There was a time, back before I started playing bass, when video games were my biggest hobby. I'd spend hours getting lost in virtual worlds, wishing I was off adventuring instead of sitting in my bedroom.
I'm a little sad to say I don't really do that anymore. I'll go back and revisit some of my all-time favorites periodically, but otherwise, I do very little in the way of keeping up with the latest video game trends.
I have a hard time identifying exactly what caused me to lose interest in modern video gaming. For some reason, I feel the spirits of games just aren't what they used to be.
For me, this deficiency is most evident in the Final Fantasy series. The PlayStation era titles (VII, VIII, and IX) captured my imagination like nothing else. Literally hundreds of hours were spent immersed in these magical worlds. I loved it.
Still, while amazing for their time, these games do not feature high-definition graphics, ultra-realistic AI, or other technological innovations relative to today's standards.
But while they may lack the polish and shiny-ness of the latest Final Fantasy titles, they possess something the newer games do not, which I can only describe as a charming and memorable spirit.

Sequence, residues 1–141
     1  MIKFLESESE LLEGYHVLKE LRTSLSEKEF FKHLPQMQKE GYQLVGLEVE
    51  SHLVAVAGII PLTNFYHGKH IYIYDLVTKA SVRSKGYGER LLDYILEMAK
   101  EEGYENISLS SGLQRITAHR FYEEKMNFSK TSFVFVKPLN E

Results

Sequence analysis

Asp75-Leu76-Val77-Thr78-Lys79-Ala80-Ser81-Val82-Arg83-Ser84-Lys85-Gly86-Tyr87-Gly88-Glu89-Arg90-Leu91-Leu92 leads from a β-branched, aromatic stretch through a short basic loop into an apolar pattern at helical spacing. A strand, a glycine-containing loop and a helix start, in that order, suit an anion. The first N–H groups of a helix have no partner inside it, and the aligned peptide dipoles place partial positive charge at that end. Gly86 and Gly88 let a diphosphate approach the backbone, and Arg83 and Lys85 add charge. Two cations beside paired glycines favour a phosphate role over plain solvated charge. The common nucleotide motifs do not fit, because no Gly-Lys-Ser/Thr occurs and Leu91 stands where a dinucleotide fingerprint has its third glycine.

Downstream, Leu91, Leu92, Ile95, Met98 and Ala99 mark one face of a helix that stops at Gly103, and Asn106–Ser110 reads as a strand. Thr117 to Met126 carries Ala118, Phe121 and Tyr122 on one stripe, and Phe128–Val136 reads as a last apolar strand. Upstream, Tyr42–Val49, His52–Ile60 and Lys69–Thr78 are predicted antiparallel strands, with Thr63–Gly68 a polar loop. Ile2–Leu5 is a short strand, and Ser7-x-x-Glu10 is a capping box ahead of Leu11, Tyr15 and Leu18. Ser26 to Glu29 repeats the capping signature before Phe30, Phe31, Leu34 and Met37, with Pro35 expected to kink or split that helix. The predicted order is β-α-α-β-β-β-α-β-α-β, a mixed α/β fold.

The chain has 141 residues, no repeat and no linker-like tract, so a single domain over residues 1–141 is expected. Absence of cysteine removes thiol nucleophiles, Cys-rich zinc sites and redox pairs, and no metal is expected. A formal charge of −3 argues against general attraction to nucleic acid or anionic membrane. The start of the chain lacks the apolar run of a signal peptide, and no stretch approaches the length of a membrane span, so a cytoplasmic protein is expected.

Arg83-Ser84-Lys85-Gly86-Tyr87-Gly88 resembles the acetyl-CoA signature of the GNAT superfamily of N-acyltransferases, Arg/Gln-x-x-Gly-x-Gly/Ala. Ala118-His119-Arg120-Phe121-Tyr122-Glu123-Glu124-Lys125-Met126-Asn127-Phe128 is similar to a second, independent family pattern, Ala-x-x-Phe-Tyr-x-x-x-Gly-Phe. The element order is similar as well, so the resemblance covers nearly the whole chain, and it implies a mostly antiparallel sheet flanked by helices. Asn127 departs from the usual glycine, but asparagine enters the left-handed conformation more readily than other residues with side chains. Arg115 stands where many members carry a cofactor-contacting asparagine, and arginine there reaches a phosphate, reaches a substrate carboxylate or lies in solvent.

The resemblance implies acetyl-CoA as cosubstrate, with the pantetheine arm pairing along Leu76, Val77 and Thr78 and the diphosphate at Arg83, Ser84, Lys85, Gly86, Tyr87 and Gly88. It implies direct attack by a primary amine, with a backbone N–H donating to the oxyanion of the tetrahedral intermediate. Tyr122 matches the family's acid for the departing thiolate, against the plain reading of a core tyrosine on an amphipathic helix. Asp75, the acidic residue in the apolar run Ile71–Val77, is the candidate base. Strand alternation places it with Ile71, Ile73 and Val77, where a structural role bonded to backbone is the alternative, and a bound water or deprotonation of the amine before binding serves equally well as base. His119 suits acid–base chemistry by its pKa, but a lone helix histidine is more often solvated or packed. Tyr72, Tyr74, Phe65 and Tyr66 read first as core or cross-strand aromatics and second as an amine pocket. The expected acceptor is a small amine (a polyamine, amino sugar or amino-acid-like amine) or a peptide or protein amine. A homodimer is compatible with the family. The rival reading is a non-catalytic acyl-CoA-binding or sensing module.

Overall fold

When Final Fantasy X came out for the PlayStation 2, it was incredible. The graphics were gorgeous. The environments were tremendous. There was voice-acting!
But something was missing. It lacked the charm and immersion of earlier titles. It was as if the graphics were too good. I've still never finished the game, despite having tried to get through it numerous times. There's nothing tangibly wrong with Final Fantasy X; it's beautiful, and I'm sure it's the favorite of many FF fans. But for me, something just never clicked. It never made me care.
The video's creator spends twenty minutes explaining the brilliance behind Mega Man X, including the way its intro level flawlessly teaches the player everything he/she needs to know without the use of blatant "here's how you play" tutorials.
Mega Man X is one of my favorite video games of all time, but even I struggle explaining its greatness. This video fascinates me because it elucidates all of the brilliance and charm of the game, which I always felt, but could never quite articulate.
The video reminds me of the Red Letter Media reviews of the Star Wars prequels in that it explains exactly why the game so good, which makes you love it even more.
In some ways, that's true. But I would argue games like Mega Man are not simplistic, but deceptively simple. As the video illustrates, a tremendous amount of care was put into all aspects of Mega Man X, and it's still one of my favorite games as a result.
I haven't bought a new video game in a long time, but thanks to their charming simplicity and surprising depth, I'll always return to games like Mega Man. I consider myself lucky to have had it as a part of my childhood.
Sometimes, you just need to go right.